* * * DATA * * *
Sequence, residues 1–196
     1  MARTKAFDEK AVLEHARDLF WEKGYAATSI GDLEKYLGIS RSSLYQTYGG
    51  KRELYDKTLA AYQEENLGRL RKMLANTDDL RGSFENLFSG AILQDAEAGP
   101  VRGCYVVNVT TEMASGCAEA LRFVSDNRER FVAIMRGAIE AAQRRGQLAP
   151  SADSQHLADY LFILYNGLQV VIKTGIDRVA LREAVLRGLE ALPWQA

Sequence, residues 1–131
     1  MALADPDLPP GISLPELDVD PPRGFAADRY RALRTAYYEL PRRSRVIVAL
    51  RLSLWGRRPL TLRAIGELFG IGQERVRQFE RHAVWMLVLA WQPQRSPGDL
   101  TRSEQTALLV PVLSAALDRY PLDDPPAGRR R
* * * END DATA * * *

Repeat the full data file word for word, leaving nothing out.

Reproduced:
Sequence, residues 1–196
     1  MARTKAFDEK AVLEHARDLF WEKGYAATSI GDLEKYLGIS RSSLYQTYGG
    51  KRELYDKTLA AYQEENLGRL RKMLANTDDL RGSFENLFSG AILQDAEAGP
   101  VRGCYVVNVT TEMASGCAEA LRFVSDNRER FVAIMRGAIE AAQRRGQLAP
   151  SADSQHLADY LFILYNGLQV VIKTGIDRVA LREAVLRGLE ALPWQA

Sequence, residues 1–131
     1  MALADPDLPP GISLPELDVD PPRGFAADRY RALRTAYYEL PRRSRVIVAL
    51  RLSLWGRRPL TLRAIGELFG IGQERVRQFE RHAVWMLVLA WQPQRSPGDL
   101  TRSEQTALLV PVLSAALDRY PLDDPPAGRR R